In his Feb. 7 guest opinion Ron Crane compares “interest” expectations of mutual fund holdings to interest accrued in a bank account. Perhaps this incorrect description is in keeping with his lifetime career as a politician, not a financier, sadly in charge of billions of dollars of Idaho money.
Mutual funds realize growth/loss based upon the value of the underlying assets. An investment in a mutual fund purchases asset shares. If assets are dividend paying, dividends likely will be reinvested back into the fund to purchase more shares. No “interest” accrues on the value of the shares.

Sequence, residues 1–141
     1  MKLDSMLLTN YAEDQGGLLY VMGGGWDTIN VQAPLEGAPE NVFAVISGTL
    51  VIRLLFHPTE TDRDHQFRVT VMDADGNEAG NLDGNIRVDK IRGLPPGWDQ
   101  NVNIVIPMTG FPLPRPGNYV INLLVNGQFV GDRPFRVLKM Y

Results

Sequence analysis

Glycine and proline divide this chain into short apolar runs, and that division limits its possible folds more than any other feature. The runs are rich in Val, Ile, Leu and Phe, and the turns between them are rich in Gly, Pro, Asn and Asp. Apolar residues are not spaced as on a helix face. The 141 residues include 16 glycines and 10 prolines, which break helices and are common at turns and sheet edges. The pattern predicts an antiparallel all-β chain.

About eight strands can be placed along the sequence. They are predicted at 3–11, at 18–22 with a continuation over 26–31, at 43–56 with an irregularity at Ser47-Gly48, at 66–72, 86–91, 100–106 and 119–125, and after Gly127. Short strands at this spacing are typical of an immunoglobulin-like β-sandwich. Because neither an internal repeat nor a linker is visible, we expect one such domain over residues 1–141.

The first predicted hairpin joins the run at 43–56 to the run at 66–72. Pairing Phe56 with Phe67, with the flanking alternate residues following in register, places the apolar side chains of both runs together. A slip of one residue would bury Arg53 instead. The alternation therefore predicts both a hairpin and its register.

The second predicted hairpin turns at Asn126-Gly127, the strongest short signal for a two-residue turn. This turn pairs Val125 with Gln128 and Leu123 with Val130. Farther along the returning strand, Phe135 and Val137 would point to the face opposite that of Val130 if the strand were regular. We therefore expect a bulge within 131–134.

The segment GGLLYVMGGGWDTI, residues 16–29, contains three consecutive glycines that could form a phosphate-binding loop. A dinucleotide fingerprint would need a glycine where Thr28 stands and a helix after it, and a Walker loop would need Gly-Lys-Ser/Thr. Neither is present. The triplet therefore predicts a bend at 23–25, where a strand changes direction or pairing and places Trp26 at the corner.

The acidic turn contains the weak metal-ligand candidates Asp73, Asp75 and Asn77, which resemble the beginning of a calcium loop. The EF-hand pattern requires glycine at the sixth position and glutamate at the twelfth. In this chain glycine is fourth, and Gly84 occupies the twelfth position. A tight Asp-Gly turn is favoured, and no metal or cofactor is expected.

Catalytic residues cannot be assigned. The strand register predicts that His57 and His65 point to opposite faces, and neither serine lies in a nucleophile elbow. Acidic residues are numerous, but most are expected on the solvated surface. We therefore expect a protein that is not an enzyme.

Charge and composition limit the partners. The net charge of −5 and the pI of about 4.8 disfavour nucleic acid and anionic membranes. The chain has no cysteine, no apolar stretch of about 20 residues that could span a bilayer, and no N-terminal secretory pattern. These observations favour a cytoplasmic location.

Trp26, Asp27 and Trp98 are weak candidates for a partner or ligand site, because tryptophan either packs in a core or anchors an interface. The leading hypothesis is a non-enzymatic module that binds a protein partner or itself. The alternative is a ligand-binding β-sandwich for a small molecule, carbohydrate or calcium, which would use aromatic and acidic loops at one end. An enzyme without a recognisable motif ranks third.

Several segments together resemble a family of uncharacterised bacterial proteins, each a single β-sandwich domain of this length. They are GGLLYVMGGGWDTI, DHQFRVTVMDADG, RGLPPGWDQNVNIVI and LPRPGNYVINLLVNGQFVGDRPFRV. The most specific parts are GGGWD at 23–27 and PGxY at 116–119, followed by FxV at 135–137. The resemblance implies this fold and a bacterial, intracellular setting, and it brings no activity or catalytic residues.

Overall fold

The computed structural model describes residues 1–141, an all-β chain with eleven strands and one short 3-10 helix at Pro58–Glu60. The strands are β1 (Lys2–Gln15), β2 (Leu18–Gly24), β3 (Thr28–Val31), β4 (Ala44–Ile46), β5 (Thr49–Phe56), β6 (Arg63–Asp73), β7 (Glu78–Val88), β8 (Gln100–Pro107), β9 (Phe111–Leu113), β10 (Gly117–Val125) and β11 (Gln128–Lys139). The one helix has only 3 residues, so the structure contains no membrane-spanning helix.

For the retail investor, capital gains taxes are paid on realized gains if not a tax-advantaged account (retirement accounts). When one trades/transfers out of one fund to another, the value of the trade is at current asset value, not a past cost-basis or value.
As long as these treasury transfers were valued correctly at the time, and the portfolio is now accounted through current market value, it is what it is. We can only argue lack of oversight on the original trades. Unrealized gain that may have accrued via a different allocation cannot now be booked as a loss.
KRISTIN STILTON, Boise